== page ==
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  1. #1
    Join Date
    Feb 2009
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    3

    Default Moving Out Without Parental Permission

    My question involves emancipation laws for the State of: TEXAS

    My daughter, now 16 wants to move out when 17. No abuse in home. I support her. She just wants to do what ever she wants. I know in Dallas, TX if she can prove that she can support herself on her own she can move out. However, I've been told that the law is different depending on the county the minor lives in. I need to know the laws for DENTON County. I've been told by her therapist that in Collin County Texas, not allowed until 18. Also, does the fact that she is in counseling and under a psychiatrists care come into play in the decision??
    Desperate parent not wanting child to move.

  2. #2
    Join Date
    Mar 2007
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    9,085

    Default Re: What Denton County Texas Laws Regarding 17 Year Old Moving Out Without Parental P

    Until she is 18, she does what you tell her to do. In addition, you are responsible for her financially and legally until 18.

    Unless she is unusually responsible, I vote no.

  3. #3
    Join Date
    Feb 2009
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    3

    Default Re: Moving Out Without Parental Permission

    thank you. However, in the state of TEXAS she can move out at age 17 if she can prove she can support herself while living alone. This is in Dallas County. I want to know about denton county texas.

    Your vote is well appreciated, and the same as mine.

  4. #4
    Join Date
    Mar 2005
    Location
    Michigan
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    28,636

    Default Re: Moving Out Without Parental Permission

    Please respect the forum rules against double-posting.

    If you want to know what the police will do in any given county, you need to ask them. The law is the same throughout Texas. The difference is what the police will or will not do to enforce it.

  5. #5
    Join Date
    Feb 2009
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    3

    Default Re: Moving Out Without Parental Permission

    So by police, do you also mean the courts? In dallas county it is legal if the minor can prove they can support themselves, however, in Collin County, Texas, it is not legal for a 17 year old to move out regardless.

  6. #6
    Join Date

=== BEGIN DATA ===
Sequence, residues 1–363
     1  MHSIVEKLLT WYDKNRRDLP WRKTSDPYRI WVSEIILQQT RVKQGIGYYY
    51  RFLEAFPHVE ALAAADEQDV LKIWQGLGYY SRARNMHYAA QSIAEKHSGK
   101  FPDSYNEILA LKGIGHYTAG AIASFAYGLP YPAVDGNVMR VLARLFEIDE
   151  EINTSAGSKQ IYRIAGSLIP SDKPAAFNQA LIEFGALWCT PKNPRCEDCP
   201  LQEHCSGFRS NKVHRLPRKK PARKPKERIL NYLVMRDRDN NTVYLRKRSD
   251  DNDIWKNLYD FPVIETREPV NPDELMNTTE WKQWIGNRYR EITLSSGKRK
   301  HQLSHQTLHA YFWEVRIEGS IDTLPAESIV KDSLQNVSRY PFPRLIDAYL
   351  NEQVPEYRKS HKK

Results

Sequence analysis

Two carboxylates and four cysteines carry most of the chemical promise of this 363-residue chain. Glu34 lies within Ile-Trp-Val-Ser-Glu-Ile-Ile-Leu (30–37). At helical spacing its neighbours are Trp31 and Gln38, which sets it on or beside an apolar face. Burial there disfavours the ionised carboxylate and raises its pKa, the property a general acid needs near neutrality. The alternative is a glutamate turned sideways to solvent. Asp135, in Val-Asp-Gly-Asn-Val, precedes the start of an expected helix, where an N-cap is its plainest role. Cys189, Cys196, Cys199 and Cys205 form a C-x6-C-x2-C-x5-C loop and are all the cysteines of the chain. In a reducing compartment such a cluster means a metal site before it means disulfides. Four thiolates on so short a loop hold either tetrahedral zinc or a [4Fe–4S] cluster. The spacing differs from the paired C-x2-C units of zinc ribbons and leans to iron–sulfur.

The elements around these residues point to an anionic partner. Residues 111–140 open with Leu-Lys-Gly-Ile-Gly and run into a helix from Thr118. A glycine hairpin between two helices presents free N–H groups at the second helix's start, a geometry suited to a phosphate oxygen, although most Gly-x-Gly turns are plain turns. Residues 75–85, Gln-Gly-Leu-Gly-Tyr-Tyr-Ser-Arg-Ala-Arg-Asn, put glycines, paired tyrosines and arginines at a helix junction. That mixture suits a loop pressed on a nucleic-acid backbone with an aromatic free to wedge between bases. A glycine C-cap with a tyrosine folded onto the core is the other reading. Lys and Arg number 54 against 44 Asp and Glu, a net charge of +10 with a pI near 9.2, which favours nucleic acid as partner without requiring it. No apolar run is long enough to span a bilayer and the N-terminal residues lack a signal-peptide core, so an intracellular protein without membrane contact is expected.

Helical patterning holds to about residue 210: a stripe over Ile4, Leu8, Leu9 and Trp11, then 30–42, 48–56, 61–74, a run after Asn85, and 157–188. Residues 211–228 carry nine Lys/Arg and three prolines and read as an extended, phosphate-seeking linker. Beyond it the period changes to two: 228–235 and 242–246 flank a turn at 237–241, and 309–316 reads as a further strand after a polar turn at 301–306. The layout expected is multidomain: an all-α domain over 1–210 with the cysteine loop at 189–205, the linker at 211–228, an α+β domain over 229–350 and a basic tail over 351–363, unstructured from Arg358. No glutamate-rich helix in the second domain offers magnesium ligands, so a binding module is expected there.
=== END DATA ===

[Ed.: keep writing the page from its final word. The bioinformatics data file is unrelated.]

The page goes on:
Mar 2007
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    Default Re: Moving Out Without Parental Permission

    Quote Quoting sgoodhue
    View Post
    So by police, do you also mean the courts? In dallas county it is legal if the minor can prove they can support themselves, however, in Collin County, Texas, it is not legal for a 17 year old to move out regardless.
    Please post the statute that states that the age of majority in Dallas County is 17.

    Thanks.

  7. #7
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    Mar 2005
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    Michigan
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    Default Re: Moving Out Without Parental Permission

    I said "police" not "courts", although that too is standard throughout the state. Texas juvenile courts have jurisdiction over offenses committed by juveniles below the age of 17.

  8. #8
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    Mar 2007
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    Default Re: Moving Out Without Parental Permission

    The age of majority in Texas is 18.

    17 is NOT considered 18 light... or else the age of majority would be 17.

    Teens LIVE for the fact that, in some cases, the police are less vigilant in pursuing 17 year old runaways because of a variety of factors. Including parental apathy.

    However, if the PARENTS of that 17 year old call the police and insist that child be returned, he/she will be.

    Your kid is feeding you a load of crap. Tell her that the moment she leaves, you will have the police drag her back.

    Repeatedly.

  9. #9
    Join Date
    Mar 2005
    Location
    Michigan
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    Default Re: Moving Out Without Parental Permission

    We've discussed this in a number of threads: Sometimes when the juvenile courts don't have jurisdiction over status offenses, even though the minor has not yet reached the age of majority, the police will choose not to involve themselves in forcing a teen to return home. In Texas, that could well translate into a department policy that they won't force a 17-year-old runaway to go back home, because they have no mechanism to enforce it - they can end up in an endless cycle of having the teen run away, returning him back home, and having him run away again five minutes after they leave.

    This is a hole created by legislatures as they've tried to push more young offenders into adult courts, but haven't adapted juvenile court jurisdiction or age of majority laws to reflect this particular scenario.

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